EPA Announces New GHG Reporting Deadline
The Environmental Protection Agency (EPA) has confirmed that the final, revised deadline for reporting 2010 greenhouse gas (GHG) data will be September 30, 2011.
The EPA announced earlier this month that it was pushing back the reporting deadline for greenhouse gas emissions from large emitters and fuel suppliers, originally set for March 31. But at that time, the EPA did not disclose what the new deadline would be, saying only that the final tool for companies to upload their data will be available this summer.
The EPA said that under its GHG Reporting Program, entities required to submit data must register with the electronic GHG reporting tool (e-GGRT) no later than 60 days before the reporting deadline. The extension announced today means that the new deadline for registering with e-GGRT is August 1, 2011.
“This extension will allow EPA to further test the system that facilities will use to submit data and give industry the opportunity to test the tool, provide feedback, and have sufficient time to become familiar with the tool prior to reporting,” the agency said.
The EPA launched the GHG Reporting Program in October 2009. The agency says that the data collected will help guide policy decisions and the development of possible emissions reductions programs in the future. It also says the data will help industries and businesses find ways to be more efficient and save money.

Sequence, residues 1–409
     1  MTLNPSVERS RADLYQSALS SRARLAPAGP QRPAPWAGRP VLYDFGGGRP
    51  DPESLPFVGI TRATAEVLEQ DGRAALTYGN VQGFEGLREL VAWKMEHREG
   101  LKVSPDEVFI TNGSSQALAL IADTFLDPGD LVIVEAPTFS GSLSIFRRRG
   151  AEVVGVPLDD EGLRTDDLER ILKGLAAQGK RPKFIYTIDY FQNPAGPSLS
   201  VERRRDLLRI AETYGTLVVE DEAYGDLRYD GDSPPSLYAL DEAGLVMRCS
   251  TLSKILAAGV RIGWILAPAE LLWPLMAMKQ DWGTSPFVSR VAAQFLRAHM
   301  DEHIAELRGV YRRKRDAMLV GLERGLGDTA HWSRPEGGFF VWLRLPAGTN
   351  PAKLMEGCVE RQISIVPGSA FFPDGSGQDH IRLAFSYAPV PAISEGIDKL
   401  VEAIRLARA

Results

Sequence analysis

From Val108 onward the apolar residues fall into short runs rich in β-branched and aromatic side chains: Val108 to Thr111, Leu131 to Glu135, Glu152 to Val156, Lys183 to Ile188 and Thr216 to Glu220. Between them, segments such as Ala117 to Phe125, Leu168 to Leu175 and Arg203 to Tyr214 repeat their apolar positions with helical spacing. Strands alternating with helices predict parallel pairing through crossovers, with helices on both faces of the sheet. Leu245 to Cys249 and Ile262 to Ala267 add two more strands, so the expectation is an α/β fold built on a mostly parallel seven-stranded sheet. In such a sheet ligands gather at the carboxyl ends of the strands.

The EPA declared GHGs a threat to human health in late 2009, and has since ordered states to begin issuing GHG permits to big emitters such as oil refineries, coal-burning power plants, cement factories and glass makers. Those rules took effect January 2, although the EPA decided to defer application of the GHG rules to biomass facilities for three years.
Meanwhile, Republicans in Congress are seeking to block the EPA from regulating greenhouse gases. One such bill, introduced by House Energy and Commerce Committee chairman Fred Upton (R-Mich.), was approved by that committee this week. The L.A. Times says that the bill is unlikely to win much support in the Democrat-led Senate.
In other major regulatory news, yesterday the EPA introduced national standards on power plants’ emissions of mercury, arsenic and several other toxic air pollutants.
Picture credit: Bruno D Rodrigues
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